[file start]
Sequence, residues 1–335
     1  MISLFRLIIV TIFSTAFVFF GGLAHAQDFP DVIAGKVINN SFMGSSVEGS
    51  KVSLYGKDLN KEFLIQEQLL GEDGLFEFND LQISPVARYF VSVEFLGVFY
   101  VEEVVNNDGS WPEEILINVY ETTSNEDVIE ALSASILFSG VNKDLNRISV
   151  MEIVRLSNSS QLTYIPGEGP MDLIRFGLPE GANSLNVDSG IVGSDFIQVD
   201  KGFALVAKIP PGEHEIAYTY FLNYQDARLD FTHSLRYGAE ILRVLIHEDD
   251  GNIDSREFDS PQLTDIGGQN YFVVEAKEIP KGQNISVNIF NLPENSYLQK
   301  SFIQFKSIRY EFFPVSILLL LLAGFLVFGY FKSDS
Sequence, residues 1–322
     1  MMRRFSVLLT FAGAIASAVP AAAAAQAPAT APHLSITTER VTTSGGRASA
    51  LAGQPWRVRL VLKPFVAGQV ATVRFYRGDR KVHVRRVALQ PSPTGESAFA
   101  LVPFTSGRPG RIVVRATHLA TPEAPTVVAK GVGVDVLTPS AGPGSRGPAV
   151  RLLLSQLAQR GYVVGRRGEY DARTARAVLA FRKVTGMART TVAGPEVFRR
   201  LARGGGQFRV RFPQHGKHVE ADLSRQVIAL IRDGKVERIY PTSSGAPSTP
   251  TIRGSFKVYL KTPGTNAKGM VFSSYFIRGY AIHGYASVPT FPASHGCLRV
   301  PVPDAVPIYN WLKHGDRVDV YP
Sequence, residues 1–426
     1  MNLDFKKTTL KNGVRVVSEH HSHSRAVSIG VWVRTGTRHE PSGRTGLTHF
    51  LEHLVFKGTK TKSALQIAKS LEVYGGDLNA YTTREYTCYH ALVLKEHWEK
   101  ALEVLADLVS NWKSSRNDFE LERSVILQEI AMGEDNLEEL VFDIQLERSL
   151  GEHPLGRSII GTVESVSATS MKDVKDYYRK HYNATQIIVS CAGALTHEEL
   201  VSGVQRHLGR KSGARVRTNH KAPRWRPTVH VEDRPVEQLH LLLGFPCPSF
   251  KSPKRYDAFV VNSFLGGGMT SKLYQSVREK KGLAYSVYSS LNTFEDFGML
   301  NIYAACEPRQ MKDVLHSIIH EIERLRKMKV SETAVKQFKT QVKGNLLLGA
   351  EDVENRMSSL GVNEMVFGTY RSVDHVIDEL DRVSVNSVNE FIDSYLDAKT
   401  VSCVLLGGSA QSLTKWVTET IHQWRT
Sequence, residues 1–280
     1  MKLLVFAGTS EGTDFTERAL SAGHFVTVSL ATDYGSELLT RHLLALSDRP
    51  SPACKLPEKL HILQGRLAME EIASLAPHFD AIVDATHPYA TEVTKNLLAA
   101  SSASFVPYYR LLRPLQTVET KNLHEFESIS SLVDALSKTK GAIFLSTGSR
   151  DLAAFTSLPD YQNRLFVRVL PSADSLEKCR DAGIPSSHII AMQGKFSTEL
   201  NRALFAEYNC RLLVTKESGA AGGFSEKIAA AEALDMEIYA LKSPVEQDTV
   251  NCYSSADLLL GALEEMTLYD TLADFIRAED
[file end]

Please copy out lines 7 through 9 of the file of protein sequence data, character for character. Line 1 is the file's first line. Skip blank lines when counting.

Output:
   251  GNIDSREFDS PQLTDIGGQN YFVVEAKEIP KGQNISVNIF NLPENSYLQK
   301  SFIQFKSIRY EFFPVSILLL LLAGFLVFGY FKSDS
Sequence, residues 1–322